I spent my birthday with friends and found some time to squeeze in half an hour of shopping in the Meatpacking District. From the fitting room, I paid for the outfit, had them snap the tags and wore the outfit right out the store. That’s true birthday girl style.

Stop Leaving Me Voicemails!!!

Voicemail is the most high maintenance form of communication. It.is.a.lot.of work. You have to listen to the message. Then copy down or remember information from the message. Then you have to respond to the message. And, you have to call the person back because a text reply would be rude since they went through all the trouble to leave a voicemail.

It’s inconvenient. You can’t listen to a voicemail while you’re on another call. Or, if you’re in an area with no reception (which is most areas if you have AT&T).  Yet, you CAN get texts and email while talking on the phone.

I also find the voicemail chime or blinking red light (for office phones) to be stressful. Maybe because I assume it’ll be a client calling to yell at me. Like Pavlov’s dog, I’ve been trained to think that voicemail equals something is really right or really wrong.

I used to never check voicemails. I ignored them and nothing bad ever happened and I never missed out on anything. That’s a policy I’ve had to revise since I’m now a business owner. So, I’ve implemented some tactics to try to make it more manageable. Like by using Google Voice which transcribes your voicemails so you don’t have to listen to them. The only problem is that Google Voice does a terrible job and sends a totally mangled transcript for messages left by callers with southern or Long Island accents — which appears to be about 50% of my callers.

This complaint about voicemail is not a complete blanket statement though. There are some occasions when voicemails are welcome.  Here’s when it’s great to get a voicemail:

  • For congratulations, birthday wishes and are you OK? I haven’t heard from you in a while messages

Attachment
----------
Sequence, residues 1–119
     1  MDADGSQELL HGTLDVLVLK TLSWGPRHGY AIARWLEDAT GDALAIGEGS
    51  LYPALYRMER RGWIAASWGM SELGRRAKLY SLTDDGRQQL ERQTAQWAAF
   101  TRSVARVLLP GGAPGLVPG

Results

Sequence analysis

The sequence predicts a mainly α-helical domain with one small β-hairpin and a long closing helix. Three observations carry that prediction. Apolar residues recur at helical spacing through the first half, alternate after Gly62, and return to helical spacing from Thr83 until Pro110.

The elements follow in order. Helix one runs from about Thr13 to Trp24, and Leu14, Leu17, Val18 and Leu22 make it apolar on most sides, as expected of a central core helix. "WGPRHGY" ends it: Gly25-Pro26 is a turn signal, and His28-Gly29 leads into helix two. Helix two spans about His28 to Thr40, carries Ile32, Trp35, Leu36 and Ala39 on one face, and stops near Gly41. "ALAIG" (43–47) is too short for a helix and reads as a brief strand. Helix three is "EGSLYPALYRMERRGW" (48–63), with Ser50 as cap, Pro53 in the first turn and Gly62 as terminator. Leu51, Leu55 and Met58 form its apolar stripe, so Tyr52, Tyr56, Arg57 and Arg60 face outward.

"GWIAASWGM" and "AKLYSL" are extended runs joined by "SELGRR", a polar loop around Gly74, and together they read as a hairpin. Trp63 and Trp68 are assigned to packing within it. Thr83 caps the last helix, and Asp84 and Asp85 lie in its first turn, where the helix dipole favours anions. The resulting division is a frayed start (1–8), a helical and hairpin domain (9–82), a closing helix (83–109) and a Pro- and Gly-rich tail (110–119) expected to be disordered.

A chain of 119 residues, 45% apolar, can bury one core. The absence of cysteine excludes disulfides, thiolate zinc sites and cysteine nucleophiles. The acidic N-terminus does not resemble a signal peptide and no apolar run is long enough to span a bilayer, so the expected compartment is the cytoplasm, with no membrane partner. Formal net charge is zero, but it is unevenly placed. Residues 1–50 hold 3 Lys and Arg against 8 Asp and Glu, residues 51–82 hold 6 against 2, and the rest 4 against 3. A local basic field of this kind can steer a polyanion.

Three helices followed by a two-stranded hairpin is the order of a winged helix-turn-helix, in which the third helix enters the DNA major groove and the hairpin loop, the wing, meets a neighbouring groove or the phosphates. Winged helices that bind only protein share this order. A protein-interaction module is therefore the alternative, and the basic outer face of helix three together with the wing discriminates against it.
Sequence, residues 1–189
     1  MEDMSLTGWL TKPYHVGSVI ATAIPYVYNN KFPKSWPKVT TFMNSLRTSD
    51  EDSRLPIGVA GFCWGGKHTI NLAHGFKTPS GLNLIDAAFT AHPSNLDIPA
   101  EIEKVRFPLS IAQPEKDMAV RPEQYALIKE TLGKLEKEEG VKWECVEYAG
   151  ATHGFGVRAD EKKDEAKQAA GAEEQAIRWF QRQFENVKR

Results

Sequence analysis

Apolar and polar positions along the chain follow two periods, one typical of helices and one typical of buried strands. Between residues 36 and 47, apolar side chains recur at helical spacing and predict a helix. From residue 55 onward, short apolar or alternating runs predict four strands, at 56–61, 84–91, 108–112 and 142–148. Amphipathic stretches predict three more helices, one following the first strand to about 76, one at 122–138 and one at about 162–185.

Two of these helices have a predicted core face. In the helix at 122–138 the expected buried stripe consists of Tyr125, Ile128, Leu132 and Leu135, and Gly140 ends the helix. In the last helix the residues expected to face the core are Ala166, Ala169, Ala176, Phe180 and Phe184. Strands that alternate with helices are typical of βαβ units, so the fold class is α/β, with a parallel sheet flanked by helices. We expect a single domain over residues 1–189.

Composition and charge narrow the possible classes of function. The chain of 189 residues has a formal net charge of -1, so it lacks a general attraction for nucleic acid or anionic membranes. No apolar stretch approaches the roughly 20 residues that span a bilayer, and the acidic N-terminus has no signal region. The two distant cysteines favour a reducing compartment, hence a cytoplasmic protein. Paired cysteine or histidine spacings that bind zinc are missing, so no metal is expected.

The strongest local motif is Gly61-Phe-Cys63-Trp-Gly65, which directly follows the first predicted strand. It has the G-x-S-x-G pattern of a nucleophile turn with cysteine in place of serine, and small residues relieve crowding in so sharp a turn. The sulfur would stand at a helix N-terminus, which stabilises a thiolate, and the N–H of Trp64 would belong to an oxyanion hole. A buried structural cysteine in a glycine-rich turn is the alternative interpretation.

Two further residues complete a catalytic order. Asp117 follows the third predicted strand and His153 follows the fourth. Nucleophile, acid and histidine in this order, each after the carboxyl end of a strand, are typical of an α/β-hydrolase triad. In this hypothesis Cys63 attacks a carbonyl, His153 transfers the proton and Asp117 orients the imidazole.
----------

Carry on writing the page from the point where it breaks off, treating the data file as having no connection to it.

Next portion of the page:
• The, you’re not responding to me any other way, so I’m going to use a voicemail message
  • The I need you or I’m upset voicemail
  • Voicemails from family members  or loved ones who are over age 40. Have you noticed that the only people who still leave voicemails are over 40? That’s just a theory, but my preliminary observations prove me right. Count your voicemails and you’ll probably see it’s either that demographic or strangers.

I have a meeting with my accountant tomorrow morning. It’s at 9 AM. As if that isn’t annoying enough, his assistant called me first thing this morning and left a 58-second voicemail with instructions on where to meet him. I ignored it. At 5 p.m., she sent me an email with the information. I promptly replied and confirmed. Then I dragged the details right into iCal and moved on with my day.

Hate It or Love it? My First 30 Days of Self-Employment

1. HATE IT: Really missing my co-workers. LOVE IT: I’m not missing all of them.

2. LOVE IT: Not setting an alarm. HATE IT: Getting up at 6:30 or 7 AM, anyway.

3. LOVE IT: Shopping at sample sales during non-prime time hours being SO much better. Imagine the La Perla girls actually rooting through the crates to help you look for your size. HATE IT: No clue how much I can spend.

4. HATE IT: Not dressing in my beloved work clothes. (And I’m not much of a casual wear kinda girl.) LOVE IT: Haven’t worn Spanx in a month.

5. HATE IT: Taking public transportation every day. I don’t know why I thought I would save money on that and left it out of the budget. LOVE IT: I always get a seat and am not usually in a hurry.

6. LOVE IT: Spending more time in the apartment that I pay quite a bit to live in. HATE IT: The more time I spend there, the more important it is for it to be clean. Plus, I’m the cleaning lady now. I never thought I’d say I want a smaller apartment.

7. HATE IT: Pining to spend the day in Midtown. LOVE IT: I’m still there for dinner or appointments several days a week and I’ve been able to sit outside and just enjoy instead of rushing from place to place.

8. LOVE IT: Making it to the gym everyday. HATE IT: Vibe is all off during the day. The people are boring and the eye candy not as tasty.

9. HATE IT: Not having anyone to talk to during the day. LOVE IT: Having time to hang out with my friends and actually keeping in touch when I say I will.

10. HATE IT: Really missing the lunchtime food run to Pret, Chipotle, Dishes, Cafe Manhattan, Free Foods, Qdoba, cuban dives and street carts. LOVE IT: I can make a homemade lunch. Who am I kidding? I HATE THAT.